The last day of a major festival produces mixed feelings: dread that normal life will resume at the end of the night, and relief that at the end of the night we can get out of the sun and into a REM sleep. Sunday, 90,000 more-or-less tired souls headed out into the heat of the day and even hotter music for the last time at Firefly 2016.
City of the Sun, two guitarists and a percussionist at the tiny Treehouse Stage, contributed driving rhythms and excellent vocals to start the day off right. The Struts put on their glam-rock show on the big lawn stage, vamping and posing throughout their memorable songs. Front man Luke Spiller engages a crowd the way a frontman should, and “Put Your Money On Me” became an anthem for the afternoon. The group then stripped off the gauze and sparkles and moved to that same little Treehouse Stage, where sweat may have smudged what little mascara remained but not dampened the music one bit; most of the crowd had just seen them, and was ready for more, shouting along with “Could Have Been Me,” as Spiller spilled out onto a walkway among them, both riling up the audience and taking from them: catching sight of a David Bowie placard, he unleashed an impromptu Bowie homage. That the crowd followed the Struts from one stage to another to hear them twice in one day—by definition ignoring six other stages—speaks volumes about this band’s drawing power.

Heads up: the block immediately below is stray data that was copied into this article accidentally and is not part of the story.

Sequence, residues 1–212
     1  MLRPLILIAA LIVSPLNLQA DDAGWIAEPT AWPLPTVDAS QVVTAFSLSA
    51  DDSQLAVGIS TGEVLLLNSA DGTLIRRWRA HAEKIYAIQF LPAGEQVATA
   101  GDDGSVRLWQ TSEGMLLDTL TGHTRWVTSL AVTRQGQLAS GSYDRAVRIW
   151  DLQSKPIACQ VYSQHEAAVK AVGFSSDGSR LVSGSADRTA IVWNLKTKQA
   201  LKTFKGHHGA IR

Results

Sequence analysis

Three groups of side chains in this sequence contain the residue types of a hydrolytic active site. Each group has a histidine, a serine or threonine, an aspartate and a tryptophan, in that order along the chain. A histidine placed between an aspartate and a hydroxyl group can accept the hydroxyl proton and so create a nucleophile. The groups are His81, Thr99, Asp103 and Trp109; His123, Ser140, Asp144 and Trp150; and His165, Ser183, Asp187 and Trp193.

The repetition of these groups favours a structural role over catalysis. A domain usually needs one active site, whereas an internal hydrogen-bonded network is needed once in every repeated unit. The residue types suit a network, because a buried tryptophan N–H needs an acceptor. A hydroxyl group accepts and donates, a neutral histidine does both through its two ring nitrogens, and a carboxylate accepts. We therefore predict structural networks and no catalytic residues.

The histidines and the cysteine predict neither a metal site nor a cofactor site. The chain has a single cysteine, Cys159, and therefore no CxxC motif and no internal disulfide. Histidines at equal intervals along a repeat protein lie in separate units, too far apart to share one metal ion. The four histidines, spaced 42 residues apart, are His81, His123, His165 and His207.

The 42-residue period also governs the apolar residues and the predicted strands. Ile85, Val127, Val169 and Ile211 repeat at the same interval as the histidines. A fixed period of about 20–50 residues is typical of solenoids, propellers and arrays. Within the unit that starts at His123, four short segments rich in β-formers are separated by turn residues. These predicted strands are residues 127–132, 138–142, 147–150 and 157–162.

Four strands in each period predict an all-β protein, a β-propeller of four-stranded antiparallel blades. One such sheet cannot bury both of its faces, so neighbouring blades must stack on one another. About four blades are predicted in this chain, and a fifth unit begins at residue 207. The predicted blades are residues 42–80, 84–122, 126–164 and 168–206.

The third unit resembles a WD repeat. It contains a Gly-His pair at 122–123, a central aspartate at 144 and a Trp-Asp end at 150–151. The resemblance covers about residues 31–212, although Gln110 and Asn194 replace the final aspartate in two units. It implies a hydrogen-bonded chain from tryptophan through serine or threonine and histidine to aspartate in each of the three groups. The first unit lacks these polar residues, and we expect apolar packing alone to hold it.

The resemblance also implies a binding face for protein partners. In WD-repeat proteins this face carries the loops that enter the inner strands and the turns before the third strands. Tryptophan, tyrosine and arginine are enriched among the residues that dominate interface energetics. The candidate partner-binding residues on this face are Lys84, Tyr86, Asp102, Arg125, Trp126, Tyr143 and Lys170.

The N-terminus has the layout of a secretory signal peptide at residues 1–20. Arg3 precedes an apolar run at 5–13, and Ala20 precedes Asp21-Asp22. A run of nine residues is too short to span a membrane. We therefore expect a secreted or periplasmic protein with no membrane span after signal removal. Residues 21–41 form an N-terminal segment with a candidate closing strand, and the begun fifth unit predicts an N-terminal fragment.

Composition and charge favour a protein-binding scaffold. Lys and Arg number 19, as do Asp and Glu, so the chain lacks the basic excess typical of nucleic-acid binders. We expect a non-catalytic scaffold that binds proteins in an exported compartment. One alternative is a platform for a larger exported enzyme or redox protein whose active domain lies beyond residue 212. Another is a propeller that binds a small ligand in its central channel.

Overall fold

Long-running favorites Earth, Wind & Fire gave the youngsters a taste of showmanship in addition to very special music. The crowded stage bristled with dance, song and instrumental talent as the band powered through the R&B, soul, funk, jazz, disco, pop, rock, Latin and African hits which have not only changed our perceptions of popular music but have kept us dancing since 1971—only a couple of years after festivals like this came to be.
I expected another pop Diva in Elle King, and instead was treated to a honky-tonk angel. Flipping her hair, spangles and fringe skirt, King also flipped the bird and trashed-talked with the best (and worst) of them. Who would have thought the same gal who gave us “Ex’s and Oh’s” would be capable of a very Cash-worthy version of “Folsom Prison Blues”? Not me, but King carried that song and the rest of her show with the panache of the country/blues/soul singer she’s been hiding from mainstream radio.
Bluegrass purists have a bone to pick with Mumford & Sons, the British invaders of that very blue-blooded Americana genre. Electricity, drums, a towering backline…it’s said they have no place in bluegrass, but Mumford & Sons puts all those elements to good use along with their standup bass, mandos, banjos and catchy tunes whose bluegrass origins clearly have been blown up to major proportions, suitable for stadiums and crowds like Firefly. Honestly, I love it. Blasting, shouting, posing on risers and silhouetted by a sophisticated light show, Bill Monroe wouldn’t fit in with this band, but that doesn’t make Mumford & Sons’ music second-rate: this is first-class music. Traditional bluegrass and Mumford-grass share two unmistakable elements: the energy and pace. Lightening-fast and just as jolting, these four guys and a couple of sidemen shot through almost two hours of music at breathtaking speed with precision and power. Tradition is great, but I’m not sorry the blues birthed rock, or that Sam Bush birthed Newgrass. Mumford & Sons can take a leap, too, and build a backline to the heavens, for all I care. It’s all good music.